- Feb 8, 2007
- Land of Swine and Maple Syrup
Great article and I'm sure these guys will be missed in the AO.
Canadian snipers are a high-valued asset
Published On Mon Jul 04 2011
A Canadian sniper from the Princess Patricia's Canadian Light Infantry tests his equipment in full camouflage as he looks through a C-3 rifle at the airbase in Kandahar, Afghanistan Saturday February 9, 2002. The precision marksmen are trained in the art of camouflage and movements in enemy territory.
KEVIN FRAYER/Canadian Press
By Rosie DiManno Columnist
SPERWAN GHAR—Breathe calmly, slow the heart rate, squint the eye and slowly, with gentle pressure, squeeze the trigger.
With the Tac-50 bolt-action rifle, too heavy to lift and aim — even for hard-bodies — the shooter rests the weapon on a bipod and, optimally, flattens his rib cage against the ground at a slight incline. The 50-calibre bullet — size of a Tootsie roll — will hurtle out of the internally fluted barrel, rotating fiercely, and heave infinitesimally to the right, what’s call the spin-drift.
Shooter and spotter will have corrected for that, and also the wind currents, the distance, the ambient temperature. Bullets go faster in high heat.
The target — the victim — will feel that bullet before he hears it. And it will kill him.
Less than a second and one “bad guy’’ removed, with no collateral damage done.
No mental anguish either, for killing a fellow human being.
For snipers, it’s the job.
Their motto: “Without warning, without remorse.’’
“Pat’’ has that legend tattooed into his forearm.
Just “Pat,’’ because Canadian snipers can’t be identified by name and no photographs published that show recognizable faces. Pity, really, because they deserve to be acknowledged and praised.
They are a high-value asset, a force multiplier, and, for the insurgents, a high-value target.
The Taliban have snipers too, though not so elevated in skill, and customarily wielding old British Lee Enfields. “We call them sharpshooters rather than snipers,’’ says Pat.
Insurgents prefer other tactics anyway, the stuff of random terror, indifferent to civilians sucked into the concussion blast of a mine, roadside IED or — as with a Kabul hotel last weekend, a medical clinic in Logar the week before — suicide bomber.
Sniper Platoon is attached to the Task Force but operates almost along the lines of Special Forces; independent, self-contained and agile. “Special,’’ notes Pat, “just not Special Forces.’’ Whether sussing the environment ahead of a company operation or providing specialized force protection for infantry and artillery colleagues, theirs is an assignment of keen vigilance.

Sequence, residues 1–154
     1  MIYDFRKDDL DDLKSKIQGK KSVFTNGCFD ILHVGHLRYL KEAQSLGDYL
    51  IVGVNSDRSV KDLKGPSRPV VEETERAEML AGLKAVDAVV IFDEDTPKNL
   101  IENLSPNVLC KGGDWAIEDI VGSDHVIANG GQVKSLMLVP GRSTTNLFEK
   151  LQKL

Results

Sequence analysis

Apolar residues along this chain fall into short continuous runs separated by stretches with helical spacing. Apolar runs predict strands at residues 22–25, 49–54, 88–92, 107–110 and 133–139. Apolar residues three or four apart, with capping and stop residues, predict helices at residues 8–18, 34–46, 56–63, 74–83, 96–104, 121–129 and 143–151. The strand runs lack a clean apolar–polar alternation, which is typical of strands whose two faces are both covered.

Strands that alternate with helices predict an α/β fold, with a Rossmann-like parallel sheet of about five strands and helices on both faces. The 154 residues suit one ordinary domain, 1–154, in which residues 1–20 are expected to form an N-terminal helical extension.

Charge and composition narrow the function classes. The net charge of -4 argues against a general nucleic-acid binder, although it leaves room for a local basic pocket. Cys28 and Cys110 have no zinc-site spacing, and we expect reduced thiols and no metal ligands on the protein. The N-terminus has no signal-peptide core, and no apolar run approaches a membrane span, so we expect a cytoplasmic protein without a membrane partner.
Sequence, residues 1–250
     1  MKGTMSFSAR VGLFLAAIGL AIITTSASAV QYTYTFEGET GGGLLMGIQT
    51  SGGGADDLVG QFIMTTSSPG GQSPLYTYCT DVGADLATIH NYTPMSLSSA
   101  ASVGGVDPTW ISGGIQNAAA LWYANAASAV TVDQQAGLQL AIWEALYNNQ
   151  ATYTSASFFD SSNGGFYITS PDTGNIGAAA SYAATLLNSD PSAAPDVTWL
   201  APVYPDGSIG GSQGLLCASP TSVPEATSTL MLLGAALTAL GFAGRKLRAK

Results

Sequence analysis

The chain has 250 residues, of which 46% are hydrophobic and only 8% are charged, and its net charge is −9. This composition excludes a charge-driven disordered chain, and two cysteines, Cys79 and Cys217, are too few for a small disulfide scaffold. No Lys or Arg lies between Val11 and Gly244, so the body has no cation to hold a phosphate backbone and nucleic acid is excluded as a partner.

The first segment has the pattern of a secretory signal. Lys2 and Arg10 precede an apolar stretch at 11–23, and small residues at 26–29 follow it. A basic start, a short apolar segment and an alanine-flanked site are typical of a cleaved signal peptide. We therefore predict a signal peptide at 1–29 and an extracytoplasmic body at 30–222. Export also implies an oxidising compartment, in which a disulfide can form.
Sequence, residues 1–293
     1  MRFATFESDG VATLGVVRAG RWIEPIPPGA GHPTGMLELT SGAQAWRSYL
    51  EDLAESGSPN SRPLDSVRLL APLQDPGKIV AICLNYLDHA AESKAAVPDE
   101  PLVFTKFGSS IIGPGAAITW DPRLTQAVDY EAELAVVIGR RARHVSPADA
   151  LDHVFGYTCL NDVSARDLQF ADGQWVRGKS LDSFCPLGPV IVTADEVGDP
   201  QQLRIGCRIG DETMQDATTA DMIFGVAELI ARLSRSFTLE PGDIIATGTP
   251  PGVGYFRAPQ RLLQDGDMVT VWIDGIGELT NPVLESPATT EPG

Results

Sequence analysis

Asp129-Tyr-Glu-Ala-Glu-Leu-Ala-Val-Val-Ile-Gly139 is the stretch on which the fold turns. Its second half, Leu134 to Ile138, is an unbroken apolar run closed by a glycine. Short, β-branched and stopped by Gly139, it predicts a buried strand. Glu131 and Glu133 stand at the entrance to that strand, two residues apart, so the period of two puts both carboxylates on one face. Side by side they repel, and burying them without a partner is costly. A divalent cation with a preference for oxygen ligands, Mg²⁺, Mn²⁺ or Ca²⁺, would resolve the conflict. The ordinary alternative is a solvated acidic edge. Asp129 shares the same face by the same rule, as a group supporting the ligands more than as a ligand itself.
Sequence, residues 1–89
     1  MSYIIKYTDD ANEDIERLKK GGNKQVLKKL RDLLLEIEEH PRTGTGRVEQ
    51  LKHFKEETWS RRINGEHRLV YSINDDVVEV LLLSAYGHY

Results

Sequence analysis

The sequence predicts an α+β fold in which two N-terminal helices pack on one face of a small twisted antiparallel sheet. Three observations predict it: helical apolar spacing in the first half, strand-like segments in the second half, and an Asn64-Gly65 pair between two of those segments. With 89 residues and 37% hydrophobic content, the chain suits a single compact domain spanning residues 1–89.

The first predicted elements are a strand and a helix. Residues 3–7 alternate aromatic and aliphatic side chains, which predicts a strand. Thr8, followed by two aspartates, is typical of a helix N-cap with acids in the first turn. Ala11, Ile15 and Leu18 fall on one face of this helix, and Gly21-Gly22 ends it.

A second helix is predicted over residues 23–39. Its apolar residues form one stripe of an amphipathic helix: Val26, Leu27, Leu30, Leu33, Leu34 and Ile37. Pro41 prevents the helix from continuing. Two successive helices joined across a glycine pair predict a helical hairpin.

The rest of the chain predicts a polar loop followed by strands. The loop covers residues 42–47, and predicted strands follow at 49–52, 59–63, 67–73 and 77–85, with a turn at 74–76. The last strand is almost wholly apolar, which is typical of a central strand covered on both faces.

“We’re the eyes,’’ says Pat.
And it better be 20-20 vision. That’s the first requirement.
When a Chinook transporting troops made a “hard landing’’ in the Kandahar desert in May — which makes the incident sound less traumatizing than it was, as is evident from classified video footage shot from a second Chinook on that air transfer — it was snipers who swiftly secured the perimeter, scanning the moonscape for any militants even thinking about approaching the wounded bird. (It was later helo-winched to safety.)
Snipers secrete themselves into the terrain, often holing up for days in a grape harvest hut, eyeballing pattern-of-life through the narrow drying slits. They’re delighted by crenellated mud walls that provide some protection while permitting them to insert the nose of a rifle barrel into a crevice. Yet movement inside is severely restricted, lest flittering shadows be noticed by an enemy also watching for infidel-pattern-of-life.
Sniper units are small per mission, sometimes no more than five. “One is spying on the enemy, one covers your ass at 6 o’clock, one’s on the radio, one’s flanking and one is sleeping. We sleep in shifts.
“We’re alone out there,’’ Pat continues. “No ’terps, no medics, no support personnel.’’
They grow beards, simply to avoid shaving, thus lessening the amount of water that must be carried.
Pat has learned some Pashto, for basic communication when slipping out of surveillance cover and dealing directly with a local who’s been adjudged friendly, perhaps merely to ask for water and to assure their presence will not cause civilian alarm. But mostly they stay in the shadows, relying exclusively on each other.
Eighty per cent of the job, says Pat, is observation, analyzing movement, trying to visibly distinguish between a friendly or benign Afghan and a militant, studying the contour of clothing that might be hiding a weapon, a rocket tube or IED materials.